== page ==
players learn football by playing football
You can’t force your players to learn, interest them first, make the learning enjoyable.
Players learn through perception and decision making, let them figure it out.
Players learn through repeated practice, narrow your focus on a particular aspect.
Players will improve if they are challenged, increase the level of resistance when they are ready.
“You haven’t taught until they have learned.” Coach Wooden
1. Motivate your players
You can’t force your players to learn.
Having the title of coach doesn’t make you entitled to coach.
It should never be the case of “I am the coach and you will do what i say,” but rather influencing your players in the right way so they want to learn. Have a positive approach, play games, and keep your players age and ability in mind. Why can’t learning be fun?
2. Ask, don’t tell – use games
Don’t tell your players what to do or learn, but ask them questions so they can discover it for themselves.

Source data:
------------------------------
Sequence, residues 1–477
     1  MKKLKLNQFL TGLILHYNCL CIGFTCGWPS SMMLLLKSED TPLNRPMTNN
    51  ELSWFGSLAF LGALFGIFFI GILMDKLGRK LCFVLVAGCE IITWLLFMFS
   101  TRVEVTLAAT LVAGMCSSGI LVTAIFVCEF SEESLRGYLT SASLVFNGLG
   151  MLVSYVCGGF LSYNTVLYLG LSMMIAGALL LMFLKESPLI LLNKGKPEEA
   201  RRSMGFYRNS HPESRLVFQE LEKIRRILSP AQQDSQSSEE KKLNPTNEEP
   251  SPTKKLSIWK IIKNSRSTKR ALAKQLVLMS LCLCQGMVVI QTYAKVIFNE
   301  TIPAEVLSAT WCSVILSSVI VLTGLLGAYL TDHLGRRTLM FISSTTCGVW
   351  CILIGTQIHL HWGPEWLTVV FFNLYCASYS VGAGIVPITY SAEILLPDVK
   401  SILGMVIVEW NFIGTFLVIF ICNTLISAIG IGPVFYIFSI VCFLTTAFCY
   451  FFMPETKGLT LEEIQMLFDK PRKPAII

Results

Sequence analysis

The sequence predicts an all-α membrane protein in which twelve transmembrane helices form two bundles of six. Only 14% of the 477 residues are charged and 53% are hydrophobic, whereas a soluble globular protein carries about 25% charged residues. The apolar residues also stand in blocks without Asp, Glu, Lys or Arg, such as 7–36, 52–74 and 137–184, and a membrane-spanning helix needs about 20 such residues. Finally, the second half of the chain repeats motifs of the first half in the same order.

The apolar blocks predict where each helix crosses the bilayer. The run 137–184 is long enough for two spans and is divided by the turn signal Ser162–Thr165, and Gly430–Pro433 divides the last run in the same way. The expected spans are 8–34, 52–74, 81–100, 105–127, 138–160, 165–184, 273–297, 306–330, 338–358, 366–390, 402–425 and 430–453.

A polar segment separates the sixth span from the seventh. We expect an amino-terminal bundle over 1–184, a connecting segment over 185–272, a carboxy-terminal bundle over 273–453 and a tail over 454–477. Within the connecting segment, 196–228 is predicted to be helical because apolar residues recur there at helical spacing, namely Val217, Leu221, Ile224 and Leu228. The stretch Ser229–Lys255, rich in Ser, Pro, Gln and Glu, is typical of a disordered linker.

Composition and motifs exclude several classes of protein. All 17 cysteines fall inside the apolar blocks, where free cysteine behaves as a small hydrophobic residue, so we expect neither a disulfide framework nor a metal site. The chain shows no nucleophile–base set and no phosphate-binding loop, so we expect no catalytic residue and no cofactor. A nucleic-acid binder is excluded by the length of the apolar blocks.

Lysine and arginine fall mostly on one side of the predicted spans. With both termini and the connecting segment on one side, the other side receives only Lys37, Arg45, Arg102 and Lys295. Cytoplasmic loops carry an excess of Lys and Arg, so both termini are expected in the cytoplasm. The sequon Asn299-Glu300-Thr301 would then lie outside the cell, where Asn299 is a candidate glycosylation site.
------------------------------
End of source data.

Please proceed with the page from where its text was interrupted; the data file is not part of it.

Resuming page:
Let your players think and make their own decisions, if they make the wrong decision, provide positive reinforcement and ask “why” and “what” will you do next time? This is why learning within a game environment is so important, because your players are constantly making decisions.
“The person doing the thinking, is the person doing the learning.”
3. Narrow your focus – use repetition
What are you trying to teach your players? Whether it is running with the ball, or crossing, they need lots of repetition and opportunities to practice.
This is why it is a good idea to have a session objective and focus for each training session. If you provide too much information your message will spread thin.
“Don’t practice until you get it right, practice until you can’t get it wrong”
Young players will not likely learn straight away, it will take many weeks of repetition and reinforcement.
4. Provide a challenge
If you players do what they are comfortable with or find easy, they will never improve. They need to be challenged. As a coach it is important to find the ideal balance between a practice not being too easy, and not being too hard.
“You learn more from a loss than a win”
Much of what we learn is through problem solving, and finding solutions. But in order to problem solve, you need to have a ‘problem.’ So what’s the challenge?
“Tell me and I will forget, show me and I will remember, involve me and I will understand.”